Fitzpatrick + Partners are currently designing what could be Australia’s tallest timber commercial building.

To be located on Sussex Street in Sydney’s central business district, the seven storey building is in detailed design phase, with a capable and experienced team eager to see the project realised.

The timber-framed building will predominantly be constructed with glulam, or glued laminated timber, whereby pieces of timber are glued together to produce larger and longer members that can be used for structural applications.

“The beauty of timber is that we can use it in very similar ways to how we use steel,” says Fitzpatrick + Partners’ principal, Rod Pindar.

“The main structure of the building is a simple grid, [and] we have our timber columns, timber beams and timber secondaries. The façade is pinned off the timber structure, which creates a dramatic atrium space.”

A glass curtain wall on the street frontages will be bolted straight on to the supporting timber structure, protecting the timber against the weather and creating a controlled environment. This will further ensure the structure’s durability and longevity.

Pindar says the project originated as a vision Fitzpatrick + Partners had to design a multi-storey, A-grade CBD office building entirely from timber. Driven by practice principal James Fitzpatrick, the firm has dedicated significant research and development to timber applications over the last few years, including visiting timber factories, construction sites and buildings around the world.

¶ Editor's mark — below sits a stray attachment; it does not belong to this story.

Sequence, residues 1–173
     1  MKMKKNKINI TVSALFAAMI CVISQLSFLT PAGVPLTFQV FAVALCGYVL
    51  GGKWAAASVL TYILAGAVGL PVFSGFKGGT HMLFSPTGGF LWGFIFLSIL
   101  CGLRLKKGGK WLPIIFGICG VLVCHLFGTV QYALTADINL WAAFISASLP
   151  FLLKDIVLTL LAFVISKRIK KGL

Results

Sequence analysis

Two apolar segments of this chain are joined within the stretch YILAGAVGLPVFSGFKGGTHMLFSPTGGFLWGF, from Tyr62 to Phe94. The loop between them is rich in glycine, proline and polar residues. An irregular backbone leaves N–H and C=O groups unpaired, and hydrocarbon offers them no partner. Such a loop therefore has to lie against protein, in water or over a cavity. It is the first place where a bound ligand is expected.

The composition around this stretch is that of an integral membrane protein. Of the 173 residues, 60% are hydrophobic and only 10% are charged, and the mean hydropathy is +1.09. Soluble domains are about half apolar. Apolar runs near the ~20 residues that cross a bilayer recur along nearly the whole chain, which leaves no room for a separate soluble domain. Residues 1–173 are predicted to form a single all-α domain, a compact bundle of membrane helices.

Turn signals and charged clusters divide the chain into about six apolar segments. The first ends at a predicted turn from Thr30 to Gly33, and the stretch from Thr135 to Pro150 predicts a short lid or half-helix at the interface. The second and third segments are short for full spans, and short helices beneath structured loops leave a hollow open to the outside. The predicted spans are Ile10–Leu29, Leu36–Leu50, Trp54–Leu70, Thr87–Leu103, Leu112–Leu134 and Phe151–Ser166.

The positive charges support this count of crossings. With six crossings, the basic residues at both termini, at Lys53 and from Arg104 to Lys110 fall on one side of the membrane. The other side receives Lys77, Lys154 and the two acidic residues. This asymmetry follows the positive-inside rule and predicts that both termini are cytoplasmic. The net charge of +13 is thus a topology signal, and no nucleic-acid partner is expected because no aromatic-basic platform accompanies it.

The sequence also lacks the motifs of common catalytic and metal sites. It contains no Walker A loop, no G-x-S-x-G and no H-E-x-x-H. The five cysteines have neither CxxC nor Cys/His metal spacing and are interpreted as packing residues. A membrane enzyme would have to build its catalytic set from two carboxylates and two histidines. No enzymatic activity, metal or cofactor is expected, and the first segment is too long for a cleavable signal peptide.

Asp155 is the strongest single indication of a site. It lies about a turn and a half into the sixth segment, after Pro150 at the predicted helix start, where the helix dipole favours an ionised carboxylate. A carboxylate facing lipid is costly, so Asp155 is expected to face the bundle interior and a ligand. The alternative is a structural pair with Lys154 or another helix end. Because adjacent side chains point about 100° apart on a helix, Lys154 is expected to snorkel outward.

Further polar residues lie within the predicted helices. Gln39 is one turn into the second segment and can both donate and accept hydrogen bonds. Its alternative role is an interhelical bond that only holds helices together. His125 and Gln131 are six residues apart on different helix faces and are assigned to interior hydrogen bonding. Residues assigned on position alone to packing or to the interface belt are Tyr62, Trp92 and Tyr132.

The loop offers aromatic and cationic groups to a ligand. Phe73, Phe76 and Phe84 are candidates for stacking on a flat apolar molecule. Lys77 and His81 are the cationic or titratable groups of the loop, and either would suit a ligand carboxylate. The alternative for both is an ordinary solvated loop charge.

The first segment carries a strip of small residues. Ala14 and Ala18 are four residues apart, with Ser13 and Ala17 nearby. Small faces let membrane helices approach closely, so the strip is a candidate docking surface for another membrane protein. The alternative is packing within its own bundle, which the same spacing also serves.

The glulam structural frame for the building will be sourced from KLH in Austria, which also supplied the cross laminated timbers (CLT) for the 10 storey Forte in Melbourne.

Glulam is typically made from plantation soft-woods such as Spruce in Austria, or Radiata Pine in Australia and New Zealand. It originated in Germany in the early 1900’s, but was only taken up in Australia 50 years later.

Allowing larger pieces of timber to be produced than otherwise possible with traditional solid sawn timber, glulam is stronger than solid timber, and lighter but comparable in strength to steel. The laminates are dressed to exact and uniform thickness before gluing, and are clamped together under constant pressure until the glue has dried.

The layers of glue help with the protection of the timber by creating barriers that prevent moisture.

Although the engineered timber industry in Australia is only in its infancy, Fitzpatrick + Partners are hopeful that the Sussex Street project will come to fruition and be a flagship for commercial timber construction.